Why Product Leaders Fail

I’ve yet to meet a fellow Chief Product Officer or Head of Product say, “yeah, I’m crushing it right now.” In my conversations with fellow product leaders, there’s even a meme that’s started to form around product leadership roles. Effectively:

“Yeah, you just try to put some points on the board before you inevitably get fired.”

So, if a typical CPO feels their role is about trying to survive a couple of years i.e. long enough to help the business a little bit, what is causing that? Why is it so hard to endure as a product leader?

I would say there are three common failure modes depending on how far along the company is. The earlier stage of a company it is, the more likely the answer is going to be misalignment with the founder/CEO. What no one tells product leaders when they accept product leadership roles is that nine times out ten the founder and CEO still wants to drive the product vision. They want you to help execute that vision. And as founders scale, their founder intuition ebbs in effectiveness in comparison to product expertise in-house, but it takes a long time for founders to accept that. That transition period can be very rocky.

For later stage companies, the more likely answer is that the CPO is really only good at one type of product work, and the type of product work needed for the business changes over time. This can manifest in two ways: The product leader has skills that don’t match the type of job needed today, or as they execute, the skills needed change, and the leader cannot adapt. Not only is the product leader not good at that new job, they are also less likely to be interested in it.

Let’s talk about each of these failure modes and what both product leaders and CEOs can do to make them less likely to happen.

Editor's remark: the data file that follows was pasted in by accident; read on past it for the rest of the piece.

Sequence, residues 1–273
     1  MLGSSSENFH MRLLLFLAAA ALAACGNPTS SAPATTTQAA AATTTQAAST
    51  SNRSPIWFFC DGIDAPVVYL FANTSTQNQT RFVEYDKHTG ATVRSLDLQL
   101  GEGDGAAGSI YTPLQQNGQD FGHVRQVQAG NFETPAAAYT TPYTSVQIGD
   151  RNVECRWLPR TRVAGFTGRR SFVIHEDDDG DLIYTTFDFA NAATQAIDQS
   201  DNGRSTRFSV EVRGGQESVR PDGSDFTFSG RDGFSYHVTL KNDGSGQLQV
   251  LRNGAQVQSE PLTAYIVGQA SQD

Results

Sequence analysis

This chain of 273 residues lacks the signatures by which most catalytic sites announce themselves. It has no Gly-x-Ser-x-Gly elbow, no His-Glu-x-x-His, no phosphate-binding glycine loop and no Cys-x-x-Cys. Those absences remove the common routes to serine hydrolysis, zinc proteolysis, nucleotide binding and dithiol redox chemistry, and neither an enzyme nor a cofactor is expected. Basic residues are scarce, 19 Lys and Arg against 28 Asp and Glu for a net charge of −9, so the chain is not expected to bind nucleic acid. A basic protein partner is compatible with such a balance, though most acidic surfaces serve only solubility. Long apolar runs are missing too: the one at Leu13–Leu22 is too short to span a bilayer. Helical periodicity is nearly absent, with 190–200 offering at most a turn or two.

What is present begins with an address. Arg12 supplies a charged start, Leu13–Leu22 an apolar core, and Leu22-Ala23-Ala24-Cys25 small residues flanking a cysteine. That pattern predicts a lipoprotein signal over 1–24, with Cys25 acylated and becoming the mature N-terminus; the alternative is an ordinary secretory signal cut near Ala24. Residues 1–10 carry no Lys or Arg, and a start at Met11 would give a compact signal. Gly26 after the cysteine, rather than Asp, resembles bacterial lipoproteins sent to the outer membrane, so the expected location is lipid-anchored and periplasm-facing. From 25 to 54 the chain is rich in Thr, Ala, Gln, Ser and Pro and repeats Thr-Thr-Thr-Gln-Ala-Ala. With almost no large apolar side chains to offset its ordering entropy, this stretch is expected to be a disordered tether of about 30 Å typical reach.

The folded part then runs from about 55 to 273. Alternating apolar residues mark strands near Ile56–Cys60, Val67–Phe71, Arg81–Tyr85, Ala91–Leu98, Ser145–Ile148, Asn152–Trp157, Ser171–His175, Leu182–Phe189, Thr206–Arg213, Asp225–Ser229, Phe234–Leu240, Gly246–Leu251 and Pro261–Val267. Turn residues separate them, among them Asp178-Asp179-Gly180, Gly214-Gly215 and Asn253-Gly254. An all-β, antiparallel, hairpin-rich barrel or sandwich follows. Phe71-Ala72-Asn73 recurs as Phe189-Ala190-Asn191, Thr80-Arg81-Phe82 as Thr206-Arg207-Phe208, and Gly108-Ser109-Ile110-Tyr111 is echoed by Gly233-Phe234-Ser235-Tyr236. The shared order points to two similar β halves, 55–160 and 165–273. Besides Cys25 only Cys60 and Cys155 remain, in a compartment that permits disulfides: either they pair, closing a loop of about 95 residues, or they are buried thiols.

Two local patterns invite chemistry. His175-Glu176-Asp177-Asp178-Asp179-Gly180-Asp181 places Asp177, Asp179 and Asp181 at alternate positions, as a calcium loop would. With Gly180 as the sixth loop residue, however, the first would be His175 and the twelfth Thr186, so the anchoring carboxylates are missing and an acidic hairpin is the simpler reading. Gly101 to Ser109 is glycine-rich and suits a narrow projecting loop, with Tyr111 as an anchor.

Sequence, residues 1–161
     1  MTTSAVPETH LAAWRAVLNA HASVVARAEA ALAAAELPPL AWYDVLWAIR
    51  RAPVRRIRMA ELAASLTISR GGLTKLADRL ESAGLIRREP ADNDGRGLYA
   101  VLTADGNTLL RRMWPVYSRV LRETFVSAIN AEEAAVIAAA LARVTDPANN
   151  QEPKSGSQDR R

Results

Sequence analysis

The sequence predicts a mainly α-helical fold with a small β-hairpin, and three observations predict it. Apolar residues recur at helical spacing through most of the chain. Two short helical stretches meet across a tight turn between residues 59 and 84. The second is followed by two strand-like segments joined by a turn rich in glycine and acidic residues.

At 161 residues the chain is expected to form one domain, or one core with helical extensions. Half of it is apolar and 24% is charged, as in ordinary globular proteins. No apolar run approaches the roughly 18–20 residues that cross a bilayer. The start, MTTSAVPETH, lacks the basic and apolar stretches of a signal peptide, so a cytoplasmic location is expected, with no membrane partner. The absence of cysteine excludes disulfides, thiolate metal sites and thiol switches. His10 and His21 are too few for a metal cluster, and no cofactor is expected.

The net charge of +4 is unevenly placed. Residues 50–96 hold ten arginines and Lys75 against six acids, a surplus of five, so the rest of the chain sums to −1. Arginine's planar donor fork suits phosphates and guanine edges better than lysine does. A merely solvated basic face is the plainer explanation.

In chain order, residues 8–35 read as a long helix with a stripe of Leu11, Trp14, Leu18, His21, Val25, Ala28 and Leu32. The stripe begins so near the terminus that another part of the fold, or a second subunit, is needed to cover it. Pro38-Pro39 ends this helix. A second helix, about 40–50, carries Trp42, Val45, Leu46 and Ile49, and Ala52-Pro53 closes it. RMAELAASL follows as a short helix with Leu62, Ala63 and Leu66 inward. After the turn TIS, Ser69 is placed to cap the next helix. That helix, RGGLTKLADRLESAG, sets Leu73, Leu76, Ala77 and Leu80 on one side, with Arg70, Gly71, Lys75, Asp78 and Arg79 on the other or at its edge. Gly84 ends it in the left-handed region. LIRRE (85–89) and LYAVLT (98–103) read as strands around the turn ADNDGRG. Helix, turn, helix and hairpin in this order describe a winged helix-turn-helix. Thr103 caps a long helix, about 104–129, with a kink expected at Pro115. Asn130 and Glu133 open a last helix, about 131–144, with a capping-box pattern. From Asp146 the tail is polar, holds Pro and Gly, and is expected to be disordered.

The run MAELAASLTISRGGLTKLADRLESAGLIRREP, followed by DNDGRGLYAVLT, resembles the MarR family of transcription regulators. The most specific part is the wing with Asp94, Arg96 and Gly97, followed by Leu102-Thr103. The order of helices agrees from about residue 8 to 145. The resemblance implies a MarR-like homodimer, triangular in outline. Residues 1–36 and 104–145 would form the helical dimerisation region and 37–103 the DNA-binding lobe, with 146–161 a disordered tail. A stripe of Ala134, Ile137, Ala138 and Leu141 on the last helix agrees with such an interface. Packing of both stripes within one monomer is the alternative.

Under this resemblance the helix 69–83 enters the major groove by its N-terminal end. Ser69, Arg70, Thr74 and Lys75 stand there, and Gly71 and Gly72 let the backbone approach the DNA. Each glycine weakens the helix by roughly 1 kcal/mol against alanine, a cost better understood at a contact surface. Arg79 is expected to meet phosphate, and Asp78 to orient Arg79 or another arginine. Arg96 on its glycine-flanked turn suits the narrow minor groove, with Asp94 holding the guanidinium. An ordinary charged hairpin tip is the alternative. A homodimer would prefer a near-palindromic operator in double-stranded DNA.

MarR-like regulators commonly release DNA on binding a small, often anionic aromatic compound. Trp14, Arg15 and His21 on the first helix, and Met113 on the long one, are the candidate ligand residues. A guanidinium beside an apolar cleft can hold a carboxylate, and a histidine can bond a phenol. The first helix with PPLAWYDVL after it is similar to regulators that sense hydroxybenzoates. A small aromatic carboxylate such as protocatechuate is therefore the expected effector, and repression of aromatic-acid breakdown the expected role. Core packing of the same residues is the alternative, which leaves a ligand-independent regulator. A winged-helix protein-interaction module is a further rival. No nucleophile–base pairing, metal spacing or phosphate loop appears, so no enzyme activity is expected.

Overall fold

Failure Mode #1: Who Owns Product Vision?

Founders tend to have insanely good intuition about their customers and products because, let’s face it, no one has spent near as much time thinking about them and their problems. When startups tend to hire product leadership, it’s their first time hiring this type of leader. Interview processes can be clumsy or unoptimized, with the founder still figuring out how to articulate the real need. Commonly, what happens during this process is both the founder and prospective product leader end up jamming together on the future product vision. Both sides love this engagement, but for the founder, it’s not an effective test on how much the prospective product leader will help the founder, and for the product leader, it can give a false impression that they will have a ton of say in the product vision.

If at all possible, founders should leverage outside expertise to structure the recruiting and interview process for this type of role. One of the key questions to get explicit on before the process begins is what role will this leader play in setting the product vision? For non-product/eng/design founders, they may be asked to define it. For founders with product, eng, or design backgrounds, that is typically not the case until the company becomes much larger. Product executives usually play a consulting or execution role in a vision that is founder led. Founders need to tell candidates which one it is, and candidates need to ask. Neither of these happen as often as they should.